I was looking at that link that someone else posted...likes like your base ingredients are going to be sorghum and millet...

Here's an interesting article on gluten free beers that talks a little about the conversion process. http://www.sillyyak.com.au/gfb/gfbrew.html

Here's something interesting called "lost grains of africa" it mentions "finger millet" for beer.
lhttp://books.nap.edu/openbook.php?re...d=2305&page=39

This looks interesting http://timbuktuchronicles.blogspot.c...llet-beer.html

And this is a link to a video on brewing african beer with millet

http://www.createspace.com/206776

And here's one on breweing millet beer in Mali!

http://sociolingomali.wordpress.com/...l-millet-beer/

Google is a wonderful thing!

P.s. for this research you owe me a few bottles of your homework

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Old 02-24-2008, 05:25 AM   #7
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We will keep you updated. Although you may not want a few bottled of my project. Pure spruce and molasses.

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Old 02-24-2008, 05:56 PM   #8
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Thanks a lot, Revvy. That one article on Millet beer in Mali seems particularly useful. And I may want a copy of Radical Brewing for entirely non school related reasons.

Kai- What beers did you want me to buy for you?

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Old 02-24-2008, 06:34 PM   #9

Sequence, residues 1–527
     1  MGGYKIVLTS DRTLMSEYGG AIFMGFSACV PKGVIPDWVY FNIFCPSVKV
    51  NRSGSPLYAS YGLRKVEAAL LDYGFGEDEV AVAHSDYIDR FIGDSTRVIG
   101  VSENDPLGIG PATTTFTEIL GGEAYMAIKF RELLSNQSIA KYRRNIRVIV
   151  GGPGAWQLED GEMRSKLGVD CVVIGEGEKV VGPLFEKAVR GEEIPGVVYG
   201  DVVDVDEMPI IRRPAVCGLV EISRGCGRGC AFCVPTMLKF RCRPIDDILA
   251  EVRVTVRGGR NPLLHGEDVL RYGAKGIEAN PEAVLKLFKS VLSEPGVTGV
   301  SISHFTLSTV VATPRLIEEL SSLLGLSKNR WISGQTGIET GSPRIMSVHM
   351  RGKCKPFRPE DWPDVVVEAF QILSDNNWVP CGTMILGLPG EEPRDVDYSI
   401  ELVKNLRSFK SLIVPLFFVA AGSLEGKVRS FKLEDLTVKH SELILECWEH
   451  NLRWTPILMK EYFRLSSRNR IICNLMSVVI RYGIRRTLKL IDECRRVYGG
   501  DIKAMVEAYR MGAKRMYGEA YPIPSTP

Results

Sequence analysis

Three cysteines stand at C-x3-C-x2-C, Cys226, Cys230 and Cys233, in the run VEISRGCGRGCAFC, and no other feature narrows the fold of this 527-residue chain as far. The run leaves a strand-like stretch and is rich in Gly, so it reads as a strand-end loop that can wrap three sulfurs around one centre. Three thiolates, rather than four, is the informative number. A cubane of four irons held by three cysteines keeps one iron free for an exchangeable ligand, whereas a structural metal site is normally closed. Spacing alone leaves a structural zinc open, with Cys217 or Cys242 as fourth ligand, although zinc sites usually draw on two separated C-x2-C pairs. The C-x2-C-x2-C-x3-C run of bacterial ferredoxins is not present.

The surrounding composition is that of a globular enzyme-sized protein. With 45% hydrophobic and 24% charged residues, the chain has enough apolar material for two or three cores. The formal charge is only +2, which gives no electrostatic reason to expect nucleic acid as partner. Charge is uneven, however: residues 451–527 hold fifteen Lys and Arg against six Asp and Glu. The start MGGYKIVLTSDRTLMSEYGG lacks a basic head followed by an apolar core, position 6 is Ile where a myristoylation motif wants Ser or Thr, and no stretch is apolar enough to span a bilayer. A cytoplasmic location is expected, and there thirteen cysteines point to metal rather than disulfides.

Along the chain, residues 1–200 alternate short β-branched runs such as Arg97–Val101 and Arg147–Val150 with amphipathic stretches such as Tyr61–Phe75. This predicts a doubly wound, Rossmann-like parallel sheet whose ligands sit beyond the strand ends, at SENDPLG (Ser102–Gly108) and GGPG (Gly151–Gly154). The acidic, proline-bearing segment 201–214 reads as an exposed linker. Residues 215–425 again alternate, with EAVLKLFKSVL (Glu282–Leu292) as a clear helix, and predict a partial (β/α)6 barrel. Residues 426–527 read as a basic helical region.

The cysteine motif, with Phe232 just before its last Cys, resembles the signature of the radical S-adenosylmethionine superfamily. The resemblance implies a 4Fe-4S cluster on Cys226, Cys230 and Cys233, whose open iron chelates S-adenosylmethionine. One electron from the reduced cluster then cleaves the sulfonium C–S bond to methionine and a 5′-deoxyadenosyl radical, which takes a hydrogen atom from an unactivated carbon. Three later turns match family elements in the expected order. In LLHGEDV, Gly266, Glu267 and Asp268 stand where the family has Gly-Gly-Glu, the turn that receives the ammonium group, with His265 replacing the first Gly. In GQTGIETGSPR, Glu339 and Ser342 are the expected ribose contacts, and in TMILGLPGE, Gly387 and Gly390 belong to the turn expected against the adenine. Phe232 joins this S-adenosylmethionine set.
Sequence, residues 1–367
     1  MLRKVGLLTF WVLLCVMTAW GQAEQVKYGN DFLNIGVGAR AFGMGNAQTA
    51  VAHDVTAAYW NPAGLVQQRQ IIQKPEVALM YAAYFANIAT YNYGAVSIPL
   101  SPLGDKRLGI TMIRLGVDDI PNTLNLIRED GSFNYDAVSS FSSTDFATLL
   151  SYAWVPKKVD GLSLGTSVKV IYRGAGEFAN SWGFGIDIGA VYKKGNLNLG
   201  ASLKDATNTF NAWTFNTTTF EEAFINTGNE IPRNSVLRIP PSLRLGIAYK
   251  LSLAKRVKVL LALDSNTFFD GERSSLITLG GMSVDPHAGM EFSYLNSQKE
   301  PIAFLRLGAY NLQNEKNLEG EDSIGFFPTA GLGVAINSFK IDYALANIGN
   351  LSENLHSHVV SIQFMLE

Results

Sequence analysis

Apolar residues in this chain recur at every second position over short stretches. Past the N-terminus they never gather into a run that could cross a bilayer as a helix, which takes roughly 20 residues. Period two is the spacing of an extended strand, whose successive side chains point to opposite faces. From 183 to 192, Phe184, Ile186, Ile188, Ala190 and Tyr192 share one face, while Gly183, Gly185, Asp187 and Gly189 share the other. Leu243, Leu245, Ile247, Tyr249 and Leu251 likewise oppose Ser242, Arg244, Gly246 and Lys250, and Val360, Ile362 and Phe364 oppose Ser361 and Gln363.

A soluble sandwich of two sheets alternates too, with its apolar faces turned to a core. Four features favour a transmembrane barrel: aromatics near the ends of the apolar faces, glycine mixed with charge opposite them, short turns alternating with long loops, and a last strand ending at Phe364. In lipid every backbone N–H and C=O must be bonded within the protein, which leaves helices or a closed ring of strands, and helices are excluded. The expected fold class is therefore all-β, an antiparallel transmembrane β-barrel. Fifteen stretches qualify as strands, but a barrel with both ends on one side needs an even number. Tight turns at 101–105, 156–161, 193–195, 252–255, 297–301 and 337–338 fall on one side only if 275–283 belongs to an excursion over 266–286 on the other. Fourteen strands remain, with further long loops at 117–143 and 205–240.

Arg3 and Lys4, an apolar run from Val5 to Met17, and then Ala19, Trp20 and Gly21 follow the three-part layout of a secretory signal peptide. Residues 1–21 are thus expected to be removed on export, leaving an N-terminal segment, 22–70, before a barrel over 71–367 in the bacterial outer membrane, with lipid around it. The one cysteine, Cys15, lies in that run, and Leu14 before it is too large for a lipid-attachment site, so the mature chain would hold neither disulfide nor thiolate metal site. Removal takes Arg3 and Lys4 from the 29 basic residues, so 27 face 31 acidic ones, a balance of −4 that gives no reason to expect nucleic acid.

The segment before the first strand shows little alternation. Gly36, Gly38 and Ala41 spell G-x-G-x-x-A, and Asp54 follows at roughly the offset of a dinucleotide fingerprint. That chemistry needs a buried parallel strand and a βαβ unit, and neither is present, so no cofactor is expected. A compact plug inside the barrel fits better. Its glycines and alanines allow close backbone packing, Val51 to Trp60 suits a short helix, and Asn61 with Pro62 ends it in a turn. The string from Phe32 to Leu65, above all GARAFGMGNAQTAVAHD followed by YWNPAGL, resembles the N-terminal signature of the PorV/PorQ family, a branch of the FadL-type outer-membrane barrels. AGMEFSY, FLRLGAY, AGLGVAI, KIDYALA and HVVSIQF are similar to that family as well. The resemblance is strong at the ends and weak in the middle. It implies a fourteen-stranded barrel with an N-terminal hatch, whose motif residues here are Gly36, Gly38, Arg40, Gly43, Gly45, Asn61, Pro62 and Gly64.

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One of the West-African recipes that intrigued me was Mbele Banana Beer. Apparently the grain bill is typical of Africa- equal parts Sorghum and Millet, but it has bananas in it.

Anybody have any idea how I might go about adding Banana to beer? It can't exactly be juiced that easily. Should I just blend it up and dump it in with the wort? Before or after fermentation?

Also, in a slightly easier question, can anybody name any modern (nontraditional) African ales that I could clone for comparison purposes? Most of what I've found on that has been lagers, which I can't do because I don't have a fridge big enough to fit a carboy.

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Old 02-24-2008, 06:48 PM   #10
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Quote:
Originally Posted by Cambo
One of the West-African recipes that intrigued me was Mbele Banana Beer. Apparently the grain bill is typical of Africa- equal parts Sorghum and Millet, but it has bananas in it.

Anybody have any idea how I might go about adding Banana to beer? It can't exactly be juiced that easily. Should I just blend it up and dump it in with the wort? Before or after fermentation?

Also, in a slightly easier question, can anybody name any modern (nontraditional) African ales that I could clone for comparison purposes? Most of what I've found on that has been lagers, which I can't do because I don't have a fridge big enough to fit a carboy.
Same way you'd make banana bread or use any fruit in beer. But remember you are trying to simulate traditional brewing techniques so perfect sanitization is not going to be as crucial...

Get the ripest nana's or plantains possible....Or stick them in a paper grocery bag for a few days till the skin is black and the inside is squishy. Sanitize your fermentor and carefully un peel the bananas and let the mush drop into the bottom of the bucket. Brew your beer and cool your wort, then pour onto bananas in the primary. and pitch yeast as normal...

USE A BLOWOFF TUBE!!!!

At racking to secondary taste your sample and if needed add more banana mush into the secondary...

Or you could not put them in primary but in secondary... It's sort of your choice....but I'd do it in primary figuring that's how they would have done it...all at once.